Power of Attorney

What is power of attorney?

Power of attorney is the right for an individual to entrust a close colleague or loved one with their decision making ability for an extended period of time. This is caused by a number of predicaments and can deal with various different issues.The power of attorney is the document that states permission for an appointed person to make decisions on someone else’s behalf.

The right to exclude oneself from decision-making has to be applied for via the Office of the Public Guardian, and only then can they legally act as an appointed trustee. This can be used for a number of reasons, including mental health issues, illness or even a busy schedule. Due to complications surrounding mental health issues and incapacity, in the UK, applicants will often try to achieve lasting power of attorney, which is ill effected by any extenuating factors. It usually occurs in two defined types.

Types of power of attorney

The first type of lasting power of attorney is regarding property affairs. In this instance, either one or many people are entrusted to take full charge of a tenant’s property. This can be down to a number of reasons, including disability, illness or inexperience in the field. Usually in the latter instance they would merely seek advice on the issues, however it is not unheard of to hand power of attorney to a professional on these occasions.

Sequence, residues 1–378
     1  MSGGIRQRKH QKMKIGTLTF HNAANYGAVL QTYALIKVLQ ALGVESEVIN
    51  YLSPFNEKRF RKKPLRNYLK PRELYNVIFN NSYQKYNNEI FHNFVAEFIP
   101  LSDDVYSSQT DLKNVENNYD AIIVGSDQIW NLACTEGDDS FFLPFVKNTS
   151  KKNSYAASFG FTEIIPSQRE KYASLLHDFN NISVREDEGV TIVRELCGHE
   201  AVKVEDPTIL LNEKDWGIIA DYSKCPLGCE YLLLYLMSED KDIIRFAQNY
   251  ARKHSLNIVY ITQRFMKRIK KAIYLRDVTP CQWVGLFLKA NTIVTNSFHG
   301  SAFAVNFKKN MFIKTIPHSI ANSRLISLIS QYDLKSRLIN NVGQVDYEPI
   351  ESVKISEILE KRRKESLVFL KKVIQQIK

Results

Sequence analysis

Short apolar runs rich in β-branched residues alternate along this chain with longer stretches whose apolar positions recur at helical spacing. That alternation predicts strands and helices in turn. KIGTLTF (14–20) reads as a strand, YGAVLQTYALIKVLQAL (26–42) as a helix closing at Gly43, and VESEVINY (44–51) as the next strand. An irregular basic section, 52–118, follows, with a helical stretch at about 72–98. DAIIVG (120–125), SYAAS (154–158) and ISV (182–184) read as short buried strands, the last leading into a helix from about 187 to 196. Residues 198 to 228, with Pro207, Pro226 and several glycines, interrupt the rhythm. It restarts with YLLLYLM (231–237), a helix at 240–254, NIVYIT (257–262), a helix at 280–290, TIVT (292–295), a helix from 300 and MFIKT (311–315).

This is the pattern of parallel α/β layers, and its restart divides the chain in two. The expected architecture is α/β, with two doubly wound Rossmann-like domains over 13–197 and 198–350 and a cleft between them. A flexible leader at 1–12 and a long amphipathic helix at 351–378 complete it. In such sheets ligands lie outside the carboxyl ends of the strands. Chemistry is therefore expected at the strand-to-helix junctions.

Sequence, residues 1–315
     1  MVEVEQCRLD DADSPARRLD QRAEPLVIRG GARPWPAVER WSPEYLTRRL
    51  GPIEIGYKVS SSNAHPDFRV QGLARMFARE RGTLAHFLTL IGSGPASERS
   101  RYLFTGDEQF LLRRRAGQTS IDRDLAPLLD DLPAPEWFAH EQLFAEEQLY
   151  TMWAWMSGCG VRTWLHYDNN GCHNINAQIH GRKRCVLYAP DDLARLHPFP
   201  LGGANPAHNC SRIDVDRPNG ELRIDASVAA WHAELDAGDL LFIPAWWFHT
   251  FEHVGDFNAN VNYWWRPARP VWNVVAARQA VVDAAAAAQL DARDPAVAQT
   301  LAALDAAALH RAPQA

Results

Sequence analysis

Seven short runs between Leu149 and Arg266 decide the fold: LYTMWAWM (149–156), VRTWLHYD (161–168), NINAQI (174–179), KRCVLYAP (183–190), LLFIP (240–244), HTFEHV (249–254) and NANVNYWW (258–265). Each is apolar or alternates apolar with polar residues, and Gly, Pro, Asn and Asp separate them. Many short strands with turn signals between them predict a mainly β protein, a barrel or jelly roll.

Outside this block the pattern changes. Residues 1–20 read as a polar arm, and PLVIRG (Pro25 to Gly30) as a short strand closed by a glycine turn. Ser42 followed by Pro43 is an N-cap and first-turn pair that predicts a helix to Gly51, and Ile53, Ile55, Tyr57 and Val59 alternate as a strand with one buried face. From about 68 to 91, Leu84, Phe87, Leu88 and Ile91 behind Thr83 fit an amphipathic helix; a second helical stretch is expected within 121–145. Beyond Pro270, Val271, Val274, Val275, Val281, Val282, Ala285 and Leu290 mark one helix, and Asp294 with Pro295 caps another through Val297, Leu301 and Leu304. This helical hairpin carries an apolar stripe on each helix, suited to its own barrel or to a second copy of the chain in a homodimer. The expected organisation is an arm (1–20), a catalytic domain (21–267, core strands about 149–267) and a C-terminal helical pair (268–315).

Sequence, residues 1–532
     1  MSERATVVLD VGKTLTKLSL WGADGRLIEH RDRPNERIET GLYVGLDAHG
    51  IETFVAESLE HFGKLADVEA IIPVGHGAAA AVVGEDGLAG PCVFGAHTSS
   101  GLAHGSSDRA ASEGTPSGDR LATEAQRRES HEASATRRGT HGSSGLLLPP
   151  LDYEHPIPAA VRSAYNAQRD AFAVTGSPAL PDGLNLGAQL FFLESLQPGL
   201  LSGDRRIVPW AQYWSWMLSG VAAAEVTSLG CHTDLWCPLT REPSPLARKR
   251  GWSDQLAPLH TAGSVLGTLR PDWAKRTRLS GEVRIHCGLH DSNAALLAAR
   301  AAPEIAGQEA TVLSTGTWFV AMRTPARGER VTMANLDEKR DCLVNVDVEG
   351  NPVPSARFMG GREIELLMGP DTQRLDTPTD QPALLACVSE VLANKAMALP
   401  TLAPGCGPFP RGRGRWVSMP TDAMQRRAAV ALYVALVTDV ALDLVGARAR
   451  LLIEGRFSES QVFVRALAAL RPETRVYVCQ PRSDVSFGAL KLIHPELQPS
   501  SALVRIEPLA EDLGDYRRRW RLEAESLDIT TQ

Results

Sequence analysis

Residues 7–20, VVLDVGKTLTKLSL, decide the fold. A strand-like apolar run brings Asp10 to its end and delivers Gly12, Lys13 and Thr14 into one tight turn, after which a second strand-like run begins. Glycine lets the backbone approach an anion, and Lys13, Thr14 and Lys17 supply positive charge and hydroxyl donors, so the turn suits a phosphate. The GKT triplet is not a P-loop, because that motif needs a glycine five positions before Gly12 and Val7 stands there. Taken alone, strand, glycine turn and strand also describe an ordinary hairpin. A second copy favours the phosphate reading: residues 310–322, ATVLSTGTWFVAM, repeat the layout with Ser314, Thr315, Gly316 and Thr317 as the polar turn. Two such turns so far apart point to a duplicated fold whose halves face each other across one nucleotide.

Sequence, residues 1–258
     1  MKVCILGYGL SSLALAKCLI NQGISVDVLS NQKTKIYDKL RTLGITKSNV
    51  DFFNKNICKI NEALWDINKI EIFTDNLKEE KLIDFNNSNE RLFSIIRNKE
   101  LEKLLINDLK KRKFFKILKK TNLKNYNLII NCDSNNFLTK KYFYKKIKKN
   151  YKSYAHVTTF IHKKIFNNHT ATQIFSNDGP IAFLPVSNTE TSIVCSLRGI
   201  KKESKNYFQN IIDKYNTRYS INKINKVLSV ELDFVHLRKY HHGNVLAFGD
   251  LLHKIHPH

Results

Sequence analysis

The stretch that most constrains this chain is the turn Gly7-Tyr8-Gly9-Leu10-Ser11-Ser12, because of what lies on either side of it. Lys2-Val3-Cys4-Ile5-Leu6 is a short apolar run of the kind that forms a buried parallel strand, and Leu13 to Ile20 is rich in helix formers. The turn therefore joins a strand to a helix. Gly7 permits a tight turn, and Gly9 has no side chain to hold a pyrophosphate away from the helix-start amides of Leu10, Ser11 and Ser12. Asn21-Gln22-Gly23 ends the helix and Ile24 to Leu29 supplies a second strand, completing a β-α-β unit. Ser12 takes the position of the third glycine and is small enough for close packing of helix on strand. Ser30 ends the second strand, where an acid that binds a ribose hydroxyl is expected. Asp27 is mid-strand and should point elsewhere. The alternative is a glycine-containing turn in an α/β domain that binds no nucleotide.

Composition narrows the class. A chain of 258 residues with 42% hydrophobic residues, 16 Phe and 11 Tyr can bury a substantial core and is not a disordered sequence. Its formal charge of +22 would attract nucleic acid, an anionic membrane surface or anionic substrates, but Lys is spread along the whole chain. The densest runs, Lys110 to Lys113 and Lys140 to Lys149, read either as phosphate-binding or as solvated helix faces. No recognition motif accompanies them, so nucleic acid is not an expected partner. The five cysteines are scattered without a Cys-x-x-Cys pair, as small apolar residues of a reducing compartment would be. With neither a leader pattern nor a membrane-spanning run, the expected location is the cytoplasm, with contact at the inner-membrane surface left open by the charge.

The other instance when someone would seek to hand the power of attorney to another individual is to look after his or her welfare. This word often promotes a preconception of ill health, however this is only one of the reasons that people hand over rights to make decisions on their welfare. Severe disability or during the recovery from an accident or stroke can be other occasions to which this is sought. In these cases the patient is in no state to make reasoned decisions themselves so they hand it over to a loved one or professional.

Who to give power of attorney to?

Choosing who or how many people to hand the power of attorney to can be exceedingly tricky. Not only are you making a huge decision yourself by entrusting them with the responsibility but it also can place a burden on them.

The best advice that we can give is to stick with people whom you trust entirely. Look at the state of their lives and how they conduct their finances before giving them the green light to have a go with yours. It is also occasionally a good idea to grant the privilege to more than one person.

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For more information on:

  • Why would you need power of attorney?
  • Disability
  • Illness